He never posted eye-popping stats for the Buckeyes, but his reliable hands cannot be disputed. During his three years with the Buckeyes he snatched 90 catches for 1,429 yards and 12 touchdowns.
Those numbers are definitely down a bit, because in 2008 he had a true freshman quarterback who was a below average passer at best in Terrelle Pryor.
Since he seems to be picking up the offense rather quickly, I'd look for Hartline to lock up his roster spot for the 'Phins before the season starts. The recently married Buckeye hopes that his marriage with the Dolphins turns out to be a long and healthy relationship as well.
Wide receiver Patrick Turner out of USC was one of the most decorated receivers in the country coming out of high school. College football recruiting fanatics will remember him as the player who was rated ahead of DeSean Jackson for the honor as the nation's top receiver.
Then after Jackson set the U.S. Army All-American Bowl on fire, Jackson was moved up to the nation's top receiver and Turner was moved down to second.
Many people were wondering when, if Turner would ever break out. He was named to the 2008 All-Pac 10 second team, after he put up decent numbers, snagging 47 passes for 741 yards and ten touchdowns.
His size(6'5, 221 lbs.) will surely give him a leg up on the rest of the receivers on this list and make him an attractive red-zone target for Chad Pennington.
Who will rise to the cream of the crop out of these receivers? Only time will tell, but it sounds like Brian Hartline has an early advantage on the competition. It should be a very interesting position battle!
"Wildcat Pat"--Former West Virginia QB Pat White
Ever since coach David Lee became the quarterbacks coach at the Miami Dolphins and brought the famed "Wildcat" formation with him to the Dolphins, he's made me love the Dolphins that much more.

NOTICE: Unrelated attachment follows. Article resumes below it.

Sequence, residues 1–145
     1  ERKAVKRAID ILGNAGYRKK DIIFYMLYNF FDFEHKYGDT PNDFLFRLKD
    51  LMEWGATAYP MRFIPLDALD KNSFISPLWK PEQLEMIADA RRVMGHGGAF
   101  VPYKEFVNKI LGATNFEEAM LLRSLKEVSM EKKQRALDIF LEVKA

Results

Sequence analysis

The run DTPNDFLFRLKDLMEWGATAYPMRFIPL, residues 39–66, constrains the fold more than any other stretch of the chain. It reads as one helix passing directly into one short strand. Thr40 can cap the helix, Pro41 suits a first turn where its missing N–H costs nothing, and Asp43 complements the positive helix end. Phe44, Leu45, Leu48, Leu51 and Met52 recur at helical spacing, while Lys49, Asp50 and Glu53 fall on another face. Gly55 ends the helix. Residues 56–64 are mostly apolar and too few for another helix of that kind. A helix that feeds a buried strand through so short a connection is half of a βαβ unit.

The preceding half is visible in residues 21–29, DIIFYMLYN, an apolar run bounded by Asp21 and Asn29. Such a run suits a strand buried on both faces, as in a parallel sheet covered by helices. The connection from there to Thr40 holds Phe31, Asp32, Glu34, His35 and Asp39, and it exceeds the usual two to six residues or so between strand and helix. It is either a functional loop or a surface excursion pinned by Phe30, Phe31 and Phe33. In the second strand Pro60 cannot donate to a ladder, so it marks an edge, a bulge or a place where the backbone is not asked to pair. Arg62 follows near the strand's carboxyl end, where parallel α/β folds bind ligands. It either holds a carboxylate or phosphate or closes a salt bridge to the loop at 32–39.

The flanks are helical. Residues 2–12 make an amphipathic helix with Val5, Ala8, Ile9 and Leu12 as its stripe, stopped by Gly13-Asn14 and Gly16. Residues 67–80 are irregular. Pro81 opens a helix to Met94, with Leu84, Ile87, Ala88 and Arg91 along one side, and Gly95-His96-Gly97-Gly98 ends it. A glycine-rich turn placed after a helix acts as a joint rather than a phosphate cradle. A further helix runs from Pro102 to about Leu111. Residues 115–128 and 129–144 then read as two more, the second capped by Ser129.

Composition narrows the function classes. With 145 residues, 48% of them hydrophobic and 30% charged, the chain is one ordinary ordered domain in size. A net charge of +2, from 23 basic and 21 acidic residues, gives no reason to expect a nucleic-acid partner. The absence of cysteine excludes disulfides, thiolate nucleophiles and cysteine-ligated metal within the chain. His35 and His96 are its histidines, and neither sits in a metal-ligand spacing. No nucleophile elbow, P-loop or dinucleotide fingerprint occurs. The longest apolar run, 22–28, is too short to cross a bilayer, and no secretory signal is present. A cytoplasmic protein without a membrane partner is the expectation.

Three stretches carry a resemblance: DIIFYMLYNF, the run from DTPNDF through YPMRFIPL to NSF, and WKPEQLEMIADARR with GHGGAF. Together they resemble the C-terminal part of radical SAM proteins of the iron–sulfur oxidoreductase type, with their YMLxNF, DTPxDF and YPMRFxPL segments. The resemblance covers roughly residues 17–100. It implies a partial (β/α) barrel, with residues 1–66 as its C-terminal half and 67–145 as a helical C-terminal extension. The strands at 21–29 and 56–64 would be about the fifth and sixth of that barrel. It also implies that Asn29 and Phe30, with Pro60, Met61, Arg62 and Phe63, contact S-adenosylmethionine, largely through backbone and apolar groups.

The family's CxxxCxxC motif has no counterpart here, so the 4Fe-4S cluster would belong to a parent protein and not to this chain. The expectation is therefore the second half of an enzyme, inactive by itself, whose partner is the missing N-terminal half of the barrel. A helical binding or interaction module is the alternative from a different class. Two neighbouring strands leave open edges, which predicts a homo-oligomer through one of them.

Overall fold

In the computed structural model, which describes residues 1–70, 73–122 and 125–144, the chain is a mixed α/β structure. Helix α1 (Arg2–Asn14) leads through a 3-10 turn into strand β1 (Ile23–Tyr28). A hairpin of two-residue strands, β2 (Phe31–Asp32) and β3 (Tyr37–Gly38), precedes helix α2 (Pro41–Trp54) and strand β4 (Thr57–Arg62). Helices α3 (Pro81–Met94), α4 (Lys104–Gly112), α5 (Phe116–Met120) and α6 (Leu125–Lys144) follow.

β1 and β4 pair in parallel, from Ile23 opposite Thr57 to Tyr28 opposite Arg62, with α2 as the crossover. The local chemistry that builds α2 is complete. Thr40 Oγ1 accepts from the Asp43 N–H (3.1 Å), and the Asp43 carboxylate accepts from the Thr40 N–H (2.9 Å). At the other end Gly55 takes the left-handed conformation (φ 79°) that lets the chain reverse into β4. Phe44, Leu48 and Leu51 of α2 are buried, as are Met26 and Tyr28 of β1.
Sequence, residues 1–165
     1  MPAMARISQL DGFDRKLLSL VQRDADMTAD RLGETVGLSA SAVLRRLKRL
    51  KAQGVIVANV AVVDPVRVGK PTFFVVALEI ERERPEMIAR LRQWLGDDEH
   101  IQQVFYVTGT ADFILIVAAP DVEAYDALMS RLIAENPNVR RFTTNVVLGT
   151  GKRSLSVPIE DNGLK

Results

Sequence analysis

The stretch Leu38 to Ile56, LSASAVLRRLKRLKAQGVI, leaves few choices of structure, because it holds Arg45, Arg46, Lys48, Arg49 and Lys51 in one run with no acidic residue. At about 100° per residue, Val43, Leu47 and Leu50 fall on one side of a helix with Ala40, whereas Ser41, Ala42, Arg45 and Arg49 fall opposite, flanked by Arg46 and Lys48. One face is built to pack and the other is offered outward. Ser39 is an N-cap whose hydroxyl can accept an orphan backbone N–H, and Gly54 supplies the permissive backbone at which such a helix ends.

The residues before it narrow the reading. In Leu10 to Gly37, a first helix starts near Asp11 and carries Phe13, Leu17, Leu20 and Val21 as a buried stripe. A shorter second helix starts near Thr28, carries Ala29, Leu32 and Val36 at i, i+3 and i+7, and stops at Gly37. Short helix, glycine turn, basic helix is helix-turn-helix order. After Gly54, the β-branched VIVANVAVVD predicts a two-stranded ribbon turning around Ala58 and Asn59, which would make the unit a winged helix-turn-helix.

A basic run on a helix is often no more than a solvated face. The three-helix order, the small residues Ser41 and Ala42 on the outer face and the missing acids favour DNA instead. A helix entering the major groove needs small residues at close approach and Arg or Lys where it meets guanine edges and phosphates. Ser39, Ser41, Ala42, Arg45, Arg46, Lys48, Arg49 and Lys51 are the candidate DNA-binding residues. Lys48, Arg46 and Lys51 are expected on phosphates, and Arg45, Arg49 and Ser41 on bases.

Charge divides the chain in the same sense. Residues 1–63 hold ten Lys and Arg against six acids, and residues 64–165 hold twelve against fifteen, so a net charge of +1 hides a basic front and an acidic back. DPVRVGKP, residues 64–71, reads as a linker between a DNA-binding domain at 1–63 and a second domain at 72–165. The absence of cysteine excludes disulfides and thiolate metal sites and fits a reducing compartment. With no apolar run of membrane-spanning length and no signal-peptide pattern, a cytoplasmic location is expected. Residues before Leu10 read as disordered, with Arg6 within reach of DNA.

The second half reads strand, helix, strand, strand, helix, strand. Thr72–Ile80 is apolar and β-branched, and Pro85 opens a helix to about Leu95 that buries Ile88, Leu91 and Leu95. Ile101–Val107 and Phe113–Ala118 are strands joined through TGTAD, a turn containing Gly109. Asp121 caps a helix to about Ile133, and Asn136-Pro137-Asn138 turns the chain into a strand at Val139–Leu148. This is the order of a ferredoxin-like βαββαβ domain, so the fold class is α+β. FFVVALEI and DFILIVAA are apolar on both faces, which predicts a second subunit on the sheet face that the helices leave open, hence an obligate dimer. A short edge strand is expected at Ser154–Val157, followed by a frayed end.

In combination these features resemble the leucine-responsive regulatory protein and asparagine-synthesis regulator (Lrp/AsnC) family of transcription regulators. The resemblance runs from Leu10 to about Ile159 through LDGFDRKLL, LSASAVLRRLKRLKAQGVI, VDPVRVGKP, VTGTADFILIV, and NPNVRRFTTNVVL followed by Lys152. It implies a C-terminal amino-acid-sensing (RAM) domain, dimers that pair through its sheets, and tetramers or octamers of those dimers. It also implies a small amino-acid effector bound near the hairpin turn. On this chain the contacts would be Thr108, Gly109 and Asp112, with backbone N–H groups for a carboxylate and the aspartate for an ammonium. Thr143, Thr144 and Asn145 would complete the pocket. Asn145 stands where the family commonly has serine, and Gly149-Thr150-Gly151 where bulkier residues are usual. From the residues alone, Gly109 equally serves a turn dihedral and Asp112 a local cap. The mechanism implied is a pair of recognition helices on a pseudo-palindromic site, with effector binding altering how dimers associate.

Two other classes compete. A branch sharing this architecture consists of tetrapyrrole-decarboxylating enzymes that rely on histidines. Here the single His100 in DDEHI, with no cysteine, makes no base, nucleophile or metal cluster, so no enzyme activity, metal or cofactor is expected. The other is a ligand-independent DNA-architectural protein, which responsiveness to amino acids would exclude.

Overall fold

For years, I'd been screaming about how bland the offenses in the NFL are and how they never show enough creativity or trick plays. David Lee and Dolphins' offensive coordinator Dan Henning changed all of that last season and in a big way.
The "wildcat" formation with running backs Ronnie Brown and Ricky Williams blew away opposing defenses in the NFL and confused them all season long.
The premise of the wildcat is to have an excellent runner who can also pass the football. When the receiver(Ricky Williams) motions across the formation, Brown takes the snap from the shotgun and can either fake it and keep it, fake it and throw it, or hand it off to a full speed Williams.
The offensive formation keeps opposing defenses on their heels and causes alot of hesitation.
Enter Pat White. As a quarterback for the West Virginia Mountaineers he left his mark on Big East and college football history as one of the best scrambling quarterbacks ever to play the game.
He owns the NCAA record for most rushing yardage by a quarterback(4,385 yards). He also became only the fourth player in NCAA history to rack up 40 rushing touchdowns and 40 passing touchdowns in his career.
His weakness as a quarterback is without a doubt his passing accuracy. White struggled mightily throughout his career when teams would force him to attack the field vertically and throw the football down the field.
He completed over 64 percent of his passes throughout his career, but if you look at the majority of those passes, there are shorter throws like bubble screens and slant passes.
That said, you'd be lying to yourself if you thought that Pat White wasn't a big-time performer. He had his ups and downs throughout his career at West Virginia--with two of his high moments coming in his bowl games, the Sugar Bowl and the Fiesta Bowl.
In 2008, he stunned the fourth ranked Oklahoma Sooners in the Fiesta Bowl, throttling them 48-28. He earned MVP honors of the game after he passed for 176 yards and two touchdowns, while also rushing for 150 yards.
With the Dolphins' "Wildcat" formation, it seems that Pat White is the perfect fit and I think many Dolphins fans should be excited and intrigued.
I think all Dolphins fans are interested to see where exactly White will fit into the playbook. Will he line up at wide receiver? Will he line up beside of Ronnie Brown at running and perhaps run a flea-flicker? Surely he will line up as the QB in the shotgun, a formation extremely familiar to him from his days at West Virginia.
The biggest thing he'll have going for him is he has worked in a "zone-read" scheme at West Virginia and his handoffs will be much smoother than Ronnie Brown's. He also knows what defenders to read when he's deciding whether or not to hand the football off.
It might not be a positional battle, but Dolphins fans are plenty excited to see where "Wildcat Pat" will fit into this exciting and creative scheme!